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May 22, 2019

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High tax rates won’t keep Wynn out of Pennsylvania

Beyond the Sun

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After Pennsylvania lawmakers legalized slot machines in one of the nation’s most populous states in 2004, casino boss Steve Wynn said the Keystone State’s high tax rate on gambling would keep him from setting up shop there.

“If Pennsylvania decided to give the tourist industry in the state a shot in the arm to build nice destination resorts, I would love to be in Pennsylvania. But right now, it’s not where someone can justify a large investment,” Wynn told The Philadelphia Inquirer in 2005.

On Tuesday, however, Wynn Resorts announced an agreement to manage one of two major casinos scheduled to open in Philadelphia, which would become the largest metropolitan city in the nation with Las Vegas-style gambling.

In Nevada, Wynn and his fellow casino owners pay a tax of 6.75 percent on the money they win from gamblers.

The Philadelphia casino that Wynn will manage will pay at least 55 percent in taxes on its slot machine winnings and 16 percent on its winnings from table games.

Although the Pennsylvania tax on the state’s newly legalized table games is still more than twice what Nevada charges, it helps explain Wynn’s about-face, analysts say.

Most states tax all gambling revenue at the same rate. But industry lobbyists have argued that because table games generally have lower profit margins than slots — and because table games can lure wealthier visitors who appreciate the mystique of gambling tables and view slots as a low-rent activity — they should be taxed less as a result.

Casino operators successfully argued that Pennsylvania casinos needed table games — and the lower tax rate on them — to stay competitive and not hamper additional investment opportunities.

The result is the state has netted an operator known for developing some of the industry’s most desirable resorts.

The relatively low tax rate for table games may end up making tables a more profitable business than slots in Pennsylvania, says Joe Weinert, an industry consultant with Spectrum Gaming in New Jersey.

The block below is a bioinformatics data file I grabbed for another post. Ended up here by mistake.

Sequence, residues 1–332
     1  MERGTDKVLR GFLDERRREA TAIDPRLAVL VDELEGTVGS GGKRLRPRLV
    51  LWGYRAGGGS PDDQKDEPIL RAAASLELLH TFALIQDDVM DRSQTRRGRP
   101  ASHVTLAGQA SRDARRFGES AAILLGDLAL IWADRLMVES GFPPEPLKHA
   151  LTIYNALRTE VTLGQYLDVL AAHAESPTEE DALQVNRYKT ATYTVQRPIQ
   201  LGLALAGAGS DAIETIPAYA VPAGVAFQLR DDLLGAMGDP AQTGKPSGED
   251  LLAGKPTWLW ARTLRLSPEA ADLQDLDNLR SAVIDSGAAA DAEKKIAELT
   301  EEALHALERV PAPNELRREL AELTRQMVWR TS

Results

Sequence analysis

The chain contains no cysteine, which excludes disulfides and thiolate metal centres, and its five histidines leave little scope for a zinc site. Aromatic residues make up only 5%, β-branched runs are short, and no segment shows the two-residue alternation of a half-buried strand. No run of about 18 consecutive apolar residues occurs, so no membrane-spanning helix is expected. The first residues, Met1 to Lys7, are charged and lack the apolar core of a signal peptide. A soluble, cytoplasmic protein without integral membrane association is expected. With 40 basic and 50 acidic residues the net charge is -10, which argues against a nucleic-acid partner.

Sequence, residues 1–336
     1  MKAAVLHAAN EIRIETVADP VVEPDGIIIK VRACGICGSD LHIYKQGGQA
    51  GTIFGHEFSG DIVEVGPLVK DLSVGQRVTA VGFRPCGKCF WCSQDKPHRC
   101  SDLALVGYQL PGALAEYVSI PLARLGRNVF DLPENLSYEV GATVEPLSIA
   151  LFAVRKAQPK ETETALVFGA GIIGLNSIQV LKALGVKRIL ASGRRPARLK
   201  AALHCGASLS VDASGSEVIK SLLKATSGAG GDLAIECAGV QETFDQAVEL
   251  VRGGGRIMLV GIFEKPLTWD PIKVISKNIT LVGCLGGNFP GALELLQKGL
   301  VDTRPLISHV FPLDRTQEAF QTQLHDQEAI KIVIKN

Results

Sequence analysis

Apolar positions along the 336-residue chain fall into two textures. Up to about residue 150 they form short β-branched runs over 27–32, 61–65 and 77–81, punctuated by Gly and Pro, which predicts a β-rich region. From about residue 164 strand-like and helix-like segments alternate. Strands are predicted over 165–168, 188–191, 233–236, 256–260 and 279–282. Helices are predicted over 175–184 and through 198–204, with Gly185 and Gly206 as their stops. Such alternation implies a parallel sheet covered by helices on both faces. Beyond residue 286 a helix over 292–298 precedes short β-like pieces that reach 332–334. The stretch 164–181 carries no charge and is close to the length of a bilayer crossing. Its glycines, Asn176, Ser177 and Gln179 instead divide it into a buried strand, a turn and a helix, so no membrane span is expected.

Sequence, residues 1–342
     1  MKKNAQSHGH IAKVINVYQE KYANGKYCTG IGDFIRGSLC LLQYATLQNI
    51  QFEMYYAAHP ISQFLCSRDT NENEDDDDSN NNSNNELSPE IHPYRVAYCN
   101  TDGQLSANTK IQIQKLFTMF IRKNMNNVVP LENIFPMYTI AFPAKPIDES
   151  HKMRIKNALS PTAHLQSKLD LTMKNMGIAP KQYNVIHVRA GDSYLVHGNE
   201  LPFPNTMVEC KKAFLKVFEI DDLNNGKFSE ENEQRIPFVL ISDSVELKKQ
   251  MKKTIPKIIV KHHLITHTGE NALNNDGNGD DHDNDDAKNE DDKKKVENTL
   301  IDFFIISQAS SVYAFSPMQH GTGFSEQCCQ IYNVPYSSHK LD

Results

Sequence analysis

But here’s the kicker: Pennsylvania’s casinos operate some of the nation’s most profitable slot machines.

“A lot of executives look at high tax markets and pooh-pooh them, but then they change their minds after seeing how some of these places are turning over some serious cash,” Weinert says.

Las Vegas and Atlantic City have suffered the worst in the recession, but smaller East Coast gambling markets that limit competition by issuing or allowing a small number of casino licenses are proving that “there’s a lot of money to be made” in the industry, Weinert notes.

Wynn’s prior criticism notwithstanding, casino operators flocked to compete for one of just 14 casino licenses in Pennsylvania. The limited number of licenses was a crucial justification for the relatively high tax rate.

Limited competition is one reason why each of Pennsylvania’s nearly 25,000 slot machines, according to Spectrum Gaming, won an average of $295 per day. That compares with less than $100 per slot machine in Las Vegas, which will issue a casino license to anyone who passes a lengthy background check, builds in an approved casino zone and has a few million dollars for the expensive licensing and development process.

By contrast, Maryland and New York, where casinos are expected to pay taxes of more than 60 percent on gambling revenue, have authorized only a few slot machine sites.

Still, high tax rates in other states inevitably raise the question on the minds of many Nevadans: Can’t companies that pay higher tax rates elsewhere afford to pay higher taxes in Nevada?

It’s a touchy question that elicits a rapid-fire answer from the gaming industry: Tax us more and you will have less investment, which leads to fewer jobs, lower-rent joints and, as a result, less tourism and lower tax revenue in the long run. Without offering the nation’s lowest gaming tax rate, Nevada would not have cultivated the elaborate offerings and megaresorts for which the Las Vegas Strip is known, the casino companies contend.

They point out that in the states with the highest taxes on gambling, the best casinos rise only to the level of some of the bigger suburban casinos in Las Vegas. They aren’t as big or luxurious as the Strip’s top-tier properties.

The Strip needs to be the top tier because it has to be an international, mass-market attraction. The Strip must draw visitors from far and wide to compete with smaller casinos closer to home.

The Philadelphia Park racetrack, which built a “temporary” slot parlor into its grandstand, has an easier job: It is close to a bigger population center and has little immediate competition.

And it’s raking in money. Slot machines at the Philadelphia Park casino generated revenue of $446 million from February 2009 to January 2010, according to Spectrum Gaming. In the past year, each of the track’s slot machines won an average of $416 per day, among the nation’s highest rates. That compares with a daily average of $243 for the East Coast.

“I don’t care what kind of property you like to operate or what tax environment you want to operate in,” Weinert says. “You can’t ignore that kind of money.”

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